Introduction and background to the Toolkit


The Mental Capacity Act 2005 is relevant to every service working with individuals aged 16 and over who have (or appear to have) difficulty making informed decisions about their care, treatment or support. Health and social care professionals may be unsure of their roles in respect to mental capacity, particularly for end-of-life care and advanced decision making.

This tool seeks to address these issues by embedding knowledge of mental capacity legislation and guidance, underpinned by human rights, into professional education and practice in different care settings. Confusion regarding key terminology is identified as a factor in poor practice including understanding of terms such as best interests.

The sections are ordered to create a narrative, moving from broad concepts and context setting to specific roles and responsibilities, to guide effective practice. You will be encouraged to consider the core principles of mental capacity legislation and the legal framework within which professionals operate which protect the rights of individuals, promote dignity and respect of the person, their beliefs, values and wishes. These elements are key to person-centred care and supportive decision-making which ensure that decisions regarding care and treatment are made in the best interests of individuals at that time.

The Mental Capacity Act 2005 is concerned with the human rights of individuals whose decision-making capacity is impaired. You will be encouraged to reflect on your own personal and professional ethics and values to aid professional decision making.  Core principles of mental capacity legislation and the legal framework within which professionals operate are highlighted: 

  • Protecting the rights of individuals 
  • Promoting dignity and respect of the person, their beliefs, values and wishes  
  • Promoting person-centred care and supportive decision-making which ensure that decisions made are in the best interests of individuals at that time.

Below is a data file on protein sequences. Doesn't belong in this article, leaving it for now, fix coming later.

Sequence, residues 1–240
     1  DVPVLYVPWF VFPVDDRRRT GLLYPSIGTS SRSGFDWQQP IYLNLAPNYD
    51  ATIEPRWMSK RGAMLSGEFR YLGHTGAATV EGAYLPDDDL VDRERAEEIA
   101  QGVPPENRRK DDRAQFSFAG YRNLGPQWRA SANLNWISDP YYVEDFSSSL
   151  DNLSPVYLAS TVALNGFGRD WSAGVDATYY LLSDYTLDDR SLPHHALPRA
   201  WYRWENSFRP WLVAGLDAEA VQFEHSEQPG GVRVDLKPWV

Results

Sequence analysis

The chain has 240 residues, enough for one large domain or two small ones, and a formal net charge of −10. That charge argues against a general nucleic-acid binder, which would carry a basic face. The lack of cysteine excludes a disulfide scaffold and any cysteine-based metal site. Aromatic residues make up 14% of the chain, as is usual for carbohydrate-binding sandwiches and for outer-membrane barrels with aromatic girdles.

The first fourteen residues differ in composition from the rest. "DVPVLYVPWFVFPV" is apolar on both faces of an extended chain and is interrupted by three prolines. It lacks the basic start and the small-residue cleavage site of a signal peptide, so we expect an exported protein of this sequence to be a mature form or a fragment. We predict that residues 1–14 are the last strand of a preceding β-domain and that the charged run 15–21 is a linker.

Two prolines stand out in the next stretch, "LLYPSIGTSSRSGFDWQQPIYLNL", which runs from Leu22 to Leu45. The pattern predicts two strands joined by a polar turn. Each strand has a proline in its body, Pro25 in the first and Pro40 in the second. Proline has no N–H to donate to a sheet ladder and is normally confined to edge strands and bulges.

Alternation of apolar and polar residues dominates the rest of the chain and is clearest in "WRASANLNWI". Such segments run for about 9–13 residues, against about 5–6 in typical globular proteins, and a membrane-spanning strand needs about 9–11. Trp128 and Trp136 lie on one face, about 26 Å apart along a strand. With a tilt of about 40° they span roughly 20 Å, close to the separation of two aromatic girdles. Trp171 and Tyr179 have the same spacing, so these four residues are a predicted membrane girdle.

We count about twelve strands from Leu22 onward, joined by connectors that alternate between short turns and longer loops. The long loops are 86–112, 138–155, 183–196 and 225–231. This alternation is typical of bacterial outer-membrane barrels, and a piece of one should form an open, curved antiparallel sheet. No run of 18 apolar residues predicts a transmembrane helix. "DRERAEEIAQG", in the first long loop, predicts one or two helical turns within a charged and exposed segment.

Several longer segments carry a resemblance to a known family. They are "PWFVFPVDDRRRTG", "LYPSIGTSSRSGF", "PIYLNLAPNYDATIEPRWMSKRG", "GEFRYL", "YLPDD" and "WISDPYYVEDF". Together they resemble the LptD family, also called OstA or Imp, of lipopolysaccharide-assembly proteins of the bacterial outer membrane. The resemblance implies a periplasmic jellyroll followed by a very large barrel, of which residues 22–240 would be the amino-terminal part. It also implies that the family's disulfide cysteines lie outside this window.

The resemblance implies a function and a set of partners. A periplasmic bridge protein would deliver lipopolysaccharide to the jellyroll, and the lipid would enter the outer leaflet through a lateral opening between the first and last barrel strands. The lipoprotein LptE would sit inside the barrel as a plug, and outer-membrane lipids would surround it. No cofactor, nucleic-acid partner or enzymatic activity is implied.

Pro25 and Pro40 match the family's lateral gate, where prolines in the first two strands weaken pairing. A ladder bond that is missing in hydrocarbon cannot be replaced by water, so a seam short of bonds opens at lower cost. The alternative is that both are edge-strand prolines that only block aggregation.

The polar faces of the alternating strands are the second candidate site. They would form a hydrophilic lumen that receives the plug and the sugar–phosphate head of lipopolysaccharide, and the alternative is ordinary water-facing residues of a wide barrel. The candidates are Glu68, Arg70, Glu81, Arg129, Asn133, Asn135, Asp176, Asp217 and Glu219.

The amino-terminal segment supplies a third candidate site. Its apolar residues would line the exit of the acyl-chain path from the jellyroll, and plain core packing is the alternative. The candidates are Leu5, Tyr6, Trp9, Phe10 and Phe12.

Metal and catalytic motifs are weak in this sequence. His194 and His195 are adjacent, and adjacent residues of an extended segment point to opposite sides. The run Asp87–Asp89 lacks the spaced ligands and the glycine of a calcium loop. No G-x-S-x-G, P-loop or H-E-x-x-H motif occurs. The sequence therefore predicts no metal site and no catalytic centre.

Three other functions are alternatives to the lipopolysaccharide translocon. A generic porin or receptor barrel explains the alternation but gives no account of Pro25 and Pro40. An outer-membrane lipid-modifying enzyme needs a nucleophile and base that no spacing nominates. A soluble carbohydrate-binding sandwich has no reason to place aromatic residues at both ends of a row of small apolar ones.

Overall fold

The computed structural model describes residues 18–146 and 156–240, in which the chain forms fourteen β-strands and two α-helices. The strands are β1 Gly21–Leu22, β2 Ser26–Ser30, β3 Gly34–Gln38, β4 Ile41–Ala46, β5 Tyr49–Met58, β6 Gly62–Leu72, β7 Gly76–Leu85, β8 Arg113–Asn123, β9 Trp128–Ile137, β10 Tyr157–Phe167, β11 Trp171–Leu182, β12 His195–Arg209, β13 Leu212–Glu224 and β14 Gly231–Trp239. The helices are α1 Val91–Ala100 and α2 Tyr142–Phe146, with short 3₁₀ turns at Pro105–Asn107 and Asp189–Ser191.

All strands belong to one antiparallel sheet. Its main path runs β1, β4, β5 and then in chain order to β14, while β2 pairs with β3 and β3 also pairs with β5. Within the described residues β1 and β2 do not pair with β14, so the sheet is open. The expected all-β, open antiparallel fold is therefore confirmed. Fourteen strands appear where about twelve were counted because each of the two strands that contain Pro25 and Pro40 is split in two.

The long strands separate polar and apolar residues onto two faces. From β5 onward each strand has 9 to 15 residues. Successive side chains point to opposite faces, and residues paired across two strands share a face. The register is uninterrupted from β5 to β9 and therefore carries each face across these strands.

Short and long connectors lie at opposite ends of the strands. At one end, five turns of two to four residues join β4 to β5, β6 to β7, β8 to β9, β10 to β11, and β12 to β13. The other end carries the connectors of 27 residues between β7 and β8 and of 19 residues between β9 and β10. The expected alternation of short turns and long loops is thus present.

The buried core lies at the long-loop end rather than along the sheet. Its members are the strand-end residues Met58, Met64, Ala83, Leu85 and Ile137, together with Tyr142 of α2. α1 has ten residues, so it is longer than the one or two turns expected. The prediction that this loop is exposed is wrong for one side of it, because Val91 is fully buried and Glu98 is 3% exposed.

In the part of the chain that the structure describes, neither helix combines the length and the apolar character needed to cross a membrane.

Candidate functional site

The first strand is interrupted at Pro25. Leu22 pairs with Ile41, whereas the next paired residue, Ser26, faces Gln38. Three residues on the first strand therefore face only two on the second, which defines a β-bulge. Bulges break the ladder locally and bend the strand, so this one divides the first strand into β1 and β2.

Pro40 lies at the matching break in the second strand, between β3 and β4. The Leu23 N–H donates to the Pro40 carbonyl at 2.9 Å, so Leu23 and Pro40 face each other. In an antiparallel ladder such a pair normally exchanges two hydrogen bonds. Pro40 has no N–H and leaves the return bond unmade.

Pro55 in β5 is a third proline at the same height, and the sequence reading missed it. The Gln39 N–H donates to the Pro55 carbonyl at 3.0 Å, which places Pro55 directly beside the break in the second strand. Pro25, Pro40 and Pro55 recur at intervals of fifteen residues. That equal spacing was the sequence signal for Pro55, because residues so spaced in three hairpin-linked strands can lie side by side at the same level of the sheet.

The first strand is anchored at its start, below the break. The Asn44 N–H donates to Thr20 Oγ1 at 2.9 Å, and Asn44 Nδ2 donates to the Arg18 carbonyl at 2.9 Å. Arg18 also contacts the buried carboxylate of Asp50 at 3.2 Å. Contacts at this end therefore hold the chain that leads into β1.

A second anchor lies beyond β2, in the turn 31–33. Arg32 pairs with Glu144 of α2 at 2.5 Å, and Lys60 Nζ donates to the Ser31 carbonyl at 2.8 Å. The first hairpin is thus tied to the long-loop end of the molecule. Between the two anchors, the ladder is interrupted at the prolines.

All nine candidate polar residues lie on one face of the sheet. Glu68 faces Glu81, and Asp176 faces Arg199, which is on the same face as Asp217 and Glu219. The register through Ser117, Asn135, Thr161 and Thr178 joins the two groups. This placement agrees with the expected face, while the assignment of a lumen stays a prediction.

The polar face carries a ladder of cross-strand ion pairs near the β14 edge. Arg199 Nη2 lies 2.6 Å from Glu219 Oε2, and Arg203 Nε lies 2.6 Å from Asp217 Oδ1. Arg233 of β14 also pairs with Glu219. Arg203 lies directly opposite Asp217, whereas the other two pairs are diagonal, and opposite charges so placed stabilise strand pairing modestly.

• A presumption of capacity  

This tool will highlight Deprivation of liberty and the Liberty Protection safeguards designed to protect individuals’ human rights. The meaning of consent will be explored and factors affecting capacity to consent to treatment and care are identified underpinned by principles of Autonomy and self-determination and the individual’s right to freedom of choice about the care and treatment they receive.

The tool highlights the role of the Office of the Public Guardian (OPG) (previously the Public Guardianship Office) which was established in October 2007 on implementation of the Mental Capacity Act 2005. The MCA established the role and responsibilities of the Public Guardian supported by the OPG. The importance of Lasting Powers of Attorney (LPS) in supporting individuals whose capacity is compromised is explored alongside consideration of the complex situations which require involvement of the Court of Protection.

The key message of this tool is that effective mental capacity practice requires partnership; that is partnership with the individual, their carers/representatives and with other professionals. It is essential that the views of the individual are supported and promoted however their voice might be expressed. Health and social care professionals may be unsure of their roles in respect to mental capacity, particularly for end-of-life care and advanced decision-making.